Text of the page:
Andrew begins avoiding Duncan, even moving out of his boarding room. He takes up with his dead friend Iain's wife, Harriet. They establish a battle ground to repel Duncan's influence. Andrew re-connects with his parents, trying to find his ordinary life again. Alas, roadblocks appear, upping the stakes. Catriona's grave is robbed and the body taken. Andrew gets another dream-state summoning from a jellaba-wearing apparition. Waking, he catches Catriona's perfume in the room. Now, he sees no hope in regaining normality. "I felt shut out from it as though by a thin, impermeable glass"(p.143).
The irreparable fabric of his world tears further. Twisted and unnatural threads appear all around. Harriet shows him her and Iain's wedding photo taken when they were young. Iain looks like a "thin, bent man." In all of her pics of him he's "days away from death"(p.145). Andrew thinks apprehensively of the photo of Catriona he gave to both Duncan and Sheikh Ahmad.
Then, in what seems like an innocuous sidebar, Andrew stumbles into a strange, depressed neighborhood of "forgotten corners"(p.147) and discovers a bookstore where he might sell his occult collection and pick up a gift for Harriet. Back home, he gets a call from the police. There's been more shenanigans at Catriona's grave, this time with bad juju bits and a dead baby left behind. Feeling like "a flock of large black birds passed over like a stain"(p.145), he telephones home to find out his Father is deathly sick, and, just like in Iain's condition, the doctors haven't a clue. By now, his photo album has gone rotten, also. Catriona's in her wedding dress, but with a shroud over her head. And, in the land of the living, Harriet has unwrapped her "present" and found The Book That Cannot Die: Matrix Aeternitatis, and undeniably Andrew's copy. When he tries to give it back to the bookseller, he finds the store an empty shell, abandoned for years. Maddened, he breaks into the back of the shop, intending to leave the book inside. And this is when, "even in the most vivid of my dreams I had never felt so frightened. This was reality." Because, from a inner doorway yet invisible, Catriona appears and he feels her shocking envelopment.
He escapes by asking the succubus its name, a trick from an old Barbara Steele movie, obviously. Since he can't rid himself of the book, he reads it. He then realizes he should flagellate himself for not perusing it sooner, because it lays out the whole cabala enchilada in Arabian hot sauce.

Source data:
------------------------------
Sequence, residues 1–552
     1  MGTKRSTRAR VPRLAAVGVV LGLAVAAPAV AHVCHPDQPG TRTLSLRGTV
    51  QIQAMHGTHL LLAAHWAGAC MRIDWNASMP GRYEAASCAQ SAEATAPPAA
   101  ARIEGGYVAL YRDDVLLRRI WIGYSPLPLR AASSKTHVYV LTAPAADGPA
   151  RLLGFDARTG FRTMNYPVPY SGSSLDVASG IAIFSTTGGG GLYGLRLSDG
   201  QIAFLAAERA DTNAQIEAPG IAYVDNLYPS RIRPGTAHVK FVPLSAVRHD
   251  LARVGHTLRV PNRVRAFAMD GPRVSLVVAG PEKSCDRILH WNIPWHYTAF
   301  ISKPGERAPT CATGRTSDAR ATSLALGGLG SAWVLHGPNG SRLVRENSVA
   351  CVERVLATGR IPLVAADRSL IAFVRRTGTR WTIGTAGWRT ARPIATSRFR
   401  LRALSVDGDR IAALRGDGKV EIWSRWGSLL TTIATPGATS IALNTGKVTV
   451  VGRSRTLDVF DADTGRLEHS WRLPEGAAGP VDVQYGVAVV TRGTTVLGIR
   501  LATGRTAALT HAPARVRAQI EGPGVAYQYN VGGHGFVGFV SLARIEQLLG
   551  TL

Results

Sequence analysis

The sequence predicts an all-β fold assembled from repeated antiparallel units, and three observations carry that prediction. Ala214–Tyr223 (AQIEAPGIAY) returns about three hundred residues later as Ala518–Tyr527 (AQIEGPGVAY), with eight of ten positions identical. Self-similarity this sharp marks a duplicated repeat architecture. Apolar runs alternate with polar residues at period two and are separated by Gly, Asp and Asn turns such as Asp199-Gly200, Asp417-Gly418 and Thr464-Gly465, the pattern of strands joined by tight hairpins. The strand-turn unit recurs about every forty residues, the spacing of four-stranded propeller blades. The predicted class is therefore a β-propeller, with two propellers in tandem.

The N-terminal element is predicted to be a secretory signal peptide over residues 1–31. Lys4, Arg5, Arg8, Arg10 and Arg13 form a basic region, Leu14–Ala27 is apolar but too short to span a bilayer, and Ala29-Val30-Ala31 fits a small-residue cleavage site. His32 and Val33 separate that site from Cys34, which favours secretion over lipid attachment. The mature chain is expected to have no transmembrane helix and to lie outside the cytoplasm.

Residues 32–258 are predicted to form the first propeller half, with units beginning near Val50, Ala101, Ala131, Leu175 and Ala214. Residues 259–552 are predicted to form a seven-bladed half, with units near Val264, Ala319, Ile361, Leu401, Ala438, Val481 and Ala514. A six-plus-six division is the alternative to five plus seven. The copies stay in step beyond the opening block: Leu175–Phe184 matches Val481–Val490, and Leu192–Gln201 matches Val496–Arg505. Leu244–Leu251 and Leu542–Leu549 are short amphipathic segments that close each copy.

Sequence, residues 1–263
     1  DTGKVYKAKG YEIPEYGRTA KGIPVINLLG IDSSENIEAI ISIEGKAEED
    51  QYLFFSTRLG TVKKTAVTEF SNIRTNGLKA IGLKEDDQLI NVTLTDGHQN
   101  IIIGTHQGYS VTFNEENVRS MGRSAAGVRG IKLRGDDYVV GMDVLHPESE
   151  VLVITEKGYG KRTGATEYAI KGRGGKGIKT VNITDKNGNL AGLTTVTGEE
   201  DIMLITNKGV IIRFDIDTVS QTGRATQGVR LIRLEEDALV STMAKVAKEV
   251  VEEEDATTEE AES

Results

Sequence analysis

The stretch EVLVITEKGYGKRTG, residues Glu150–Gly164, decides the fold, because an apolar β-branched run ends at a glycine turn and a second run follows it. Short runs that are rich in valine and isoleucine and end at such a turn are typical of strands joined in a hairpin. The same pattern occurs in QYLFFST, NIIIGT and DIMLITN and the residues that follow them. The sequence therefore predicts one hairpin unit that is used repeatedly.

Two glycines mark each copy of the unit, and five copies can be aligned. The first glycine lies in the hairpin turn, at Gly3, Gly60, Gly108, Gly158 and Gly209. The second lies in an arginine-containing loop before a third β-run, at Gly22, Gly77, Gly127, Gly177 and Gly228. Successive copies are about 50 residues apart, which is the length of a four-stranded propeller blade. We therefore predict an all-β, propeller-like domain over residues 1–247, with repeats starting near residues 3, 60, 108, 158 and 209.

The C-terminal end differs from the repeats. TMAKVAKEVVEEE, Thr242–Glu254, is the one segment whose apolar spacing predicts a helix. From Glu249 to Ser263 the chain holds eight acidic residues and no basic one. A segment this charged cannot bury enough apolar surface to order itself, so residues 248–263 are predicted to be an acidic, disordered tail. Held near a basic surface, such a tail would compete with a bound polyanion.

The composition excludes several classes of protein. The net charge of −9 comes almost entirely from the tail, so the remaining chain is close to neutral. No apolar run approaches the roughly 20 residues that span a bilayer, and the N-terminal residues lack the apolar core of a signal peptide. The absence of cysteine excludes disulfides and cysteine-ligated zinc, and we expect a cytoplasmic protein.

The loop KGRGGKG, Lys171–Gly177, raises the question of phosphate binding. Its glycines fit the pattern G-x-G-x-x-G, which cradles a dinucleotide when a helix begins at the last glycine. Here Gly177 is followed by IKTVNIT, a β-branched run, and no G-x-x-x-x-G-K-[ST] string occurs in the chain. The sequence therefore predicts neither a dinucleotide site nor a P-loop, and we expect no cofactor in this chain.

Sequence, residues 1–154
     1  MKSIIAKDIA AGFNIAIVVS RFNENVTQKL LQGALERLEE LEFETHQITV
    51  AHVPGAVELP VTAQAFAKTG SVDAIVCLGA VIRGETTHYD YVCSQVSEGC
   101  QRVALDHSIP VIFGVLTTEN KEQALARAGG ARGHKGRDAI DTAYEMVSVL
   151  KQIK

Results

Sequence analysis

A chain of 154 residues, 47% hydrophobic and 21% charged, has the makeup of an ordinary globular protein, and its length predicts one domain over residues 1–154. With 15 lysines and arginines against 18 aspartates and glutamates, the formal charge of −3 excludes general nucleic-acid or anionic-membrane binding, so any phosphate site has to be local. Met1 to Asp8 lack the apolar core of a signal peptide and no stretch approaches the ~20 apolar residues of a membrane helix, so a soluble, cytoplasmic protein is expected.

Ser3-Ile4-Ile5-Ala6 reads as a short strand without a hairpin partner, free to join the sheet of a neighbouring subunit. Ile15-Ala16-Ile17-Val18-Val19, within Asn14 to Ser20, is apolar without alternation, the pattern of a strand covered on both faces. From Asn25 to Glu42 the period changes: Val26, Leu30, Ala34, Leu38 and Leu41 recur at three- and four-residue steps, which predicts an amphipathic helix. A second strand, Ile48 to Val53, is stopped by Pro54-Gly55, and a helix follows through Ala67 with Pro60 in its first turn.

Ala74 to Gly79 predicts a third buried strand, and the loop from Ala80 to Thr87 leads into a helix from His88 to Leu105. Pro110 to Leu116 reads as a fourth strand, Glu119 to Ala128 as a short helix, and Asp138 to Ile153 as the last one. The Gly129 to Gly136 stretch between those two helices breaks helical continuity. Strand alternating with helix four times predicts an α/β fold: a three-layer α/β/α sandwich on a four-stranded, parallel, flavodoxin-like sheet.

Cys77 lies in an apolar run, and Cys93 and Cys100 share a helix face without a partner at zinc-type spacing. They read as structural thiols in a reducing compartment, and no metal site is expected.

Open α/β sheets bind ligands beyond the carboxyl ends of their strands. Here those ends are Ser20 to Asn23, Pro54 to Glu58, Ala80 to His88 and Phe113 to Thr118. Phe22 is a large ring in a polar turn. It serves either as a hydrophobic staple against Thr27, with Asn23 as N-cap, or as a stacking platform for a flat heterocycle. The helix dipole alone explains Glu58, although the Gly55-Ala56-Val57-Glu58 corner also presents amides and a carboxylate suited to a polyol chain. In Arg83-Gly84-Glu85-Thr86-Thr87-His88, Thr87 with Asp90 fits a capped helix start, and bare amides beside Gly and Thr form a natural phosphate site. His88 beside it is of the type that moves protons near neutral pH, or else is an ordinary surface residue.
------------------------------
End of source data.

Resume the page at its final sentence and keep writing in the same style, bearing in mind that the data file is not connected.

But having the knowledge isn't necessarily mastering it. He grabs Harriet and they bivouac in his hovel flat for the night. Catriona comes. He holds her outside with defensive conjurations, "while my dead wife howled and scrabbled at the door. Until that night, I had feared death only as a great darkness and an oblivion. Now, it is not oblivion I fear: it is oblivion I pray for every night"(p.186).
They are out of options until Andrew reads the unopened letter Iain wrote to him before he died. Iain was a priest pretty understanding of what Andrew was involved in. He suggests getting a hold of Father Silvestri at the church.
They do, and find a black-robed Jesuit, with "something grim and old-fashioned about him, an air of suffering and knowledge. . . the heart and the mind burned for the sake of faith"(p.200). "My church has never abandoned the miraculous," says Father Silvestri, meaning the purpose of the challis and wafer ritual is considered real, supernatural communication. It is the magic inherent in faith. He shows them evidence that Duncan Mylne has been alive since 1846. He gives them the history of the Mylne family and that Duncan spent a year locked in the crypt with his dead wife attempting to bring her back to life not through reincarnation but more of a rejuvenation through magic. When Silvestri produces a photo of Duncan and Constance, it becomes clear what he wants with Catriona. They look like identical twin sisters.
After leaving Father Silvestri, Andrew gets hamstrung by his family's doctor, Ramsey McLean, into taking medication and getting some rest. Dr. McLean betrays him to Duncan and Andrew ends up captured and held in the black church. In these final scenes, all is revealed, including a basement room filled with coffins and pale white, squirmy and squiggly thingies, some of which are once-human abominations and Duncan's past mistakes in trying to bring back his wife(3).
Andrew is instructed that there will be two rituals. One for Catriona's revival, and the other for him, as it is time for Duncan's transformation. But not for Andrew's body, but his lifeforce. "He would suck me dry like someone sucking juice from a pomegranate, and discard the husk"(p.230). There could not be a more convenient time for Father Silvestri and Harriet to crash the party.
Breaking up the ceremony allows Andrew and Harriet to escape. Andrew even saves the baby put in Catriona's coffin for the transformation, and gets a genuine and caring farewell kiss from his soon-to-be-really-dead wife. The final chapter has Andrew and Harriet living incognito on some beach, married, but still watchful. Father Silvestri didn't make it out of the black church, but apparently Duncan did.
Evil is not diminished in the world, just merely sidestepped.
Normally, such an extensive summary of a work is not attempted, but The Matrix is all plot and atmosphere. The characters are recognizable to anyone with much reading experience. What this heavy synopsis reveals is the diligence to its categorization The genre whistlestops are all made, but with insistence and precision, so that its "classic" underbelly feels substantial, expanded, and creative. Being in a staging area where breakups with agreed-upon reality are demanded, this novel exploits its traditions to bolster its success. It shows that the older queries—sometimes centuries older—can be the most influential to an attentive psyche, and that the horrors substantiated by history can play harder to a delicate balance between the secular and supernatural. The Matrix is a proud and proper standard in a modern time.
3) Think Tony Scott's 1st film, The Hunger of 1983, where vampiress Miriam keeps her past lovers imprisoned in the attic for all eternity because she can't kill them.